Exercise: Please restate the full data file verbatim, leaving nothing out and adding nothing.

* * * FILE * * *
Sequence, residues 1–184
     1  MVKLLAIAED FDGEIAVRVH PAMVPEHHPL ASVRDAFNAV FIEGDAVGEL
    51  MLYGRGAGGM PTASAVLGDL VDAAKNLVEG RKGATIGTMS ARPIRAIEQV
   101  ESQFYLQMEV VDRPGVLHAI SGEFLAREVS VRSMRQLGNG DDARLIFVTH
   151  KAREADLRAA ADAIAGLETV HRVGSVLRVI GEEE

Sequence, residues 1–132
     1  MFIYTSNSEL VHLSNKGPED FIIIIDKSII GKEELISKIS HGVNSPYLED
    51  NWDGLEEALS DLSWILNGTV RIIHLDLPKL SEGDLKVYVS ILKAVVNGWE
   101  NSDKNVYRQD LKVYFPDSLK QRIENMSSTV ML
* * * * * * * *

Sequence, residues 1–184
     1  MVKLLAIAED FDGEIAVRVH PAMVPEHHPL ASVRDAFNAV FIEGDAVGEL
    51  MLYGRGAGGM PTASAVLGDL VDAAKNLVEG RKGATIGTMS ARPIRAIEQV
   101  ESQFYLQMEV VDRPGVLHAI SGEFLAREVS VRSMRQLGNG DDARLIFVTH
   151  KAREADLRAA ADAIAGLETV HRVGSVLRVI GEEE

Sequence, residues 1–132
     1  MFIYTSNSEL VHLSNKGPED FIIIIDKSII GKEELISKIS HGVNSPYLED
    51  NWDGLEEALS DLSWILNGTV RIIHLDLPKL SEGDLKVYVS ILKAVVNGWE
   101  NSDKNVYRQD LKVYFPDSLK QRIENMSSTV ML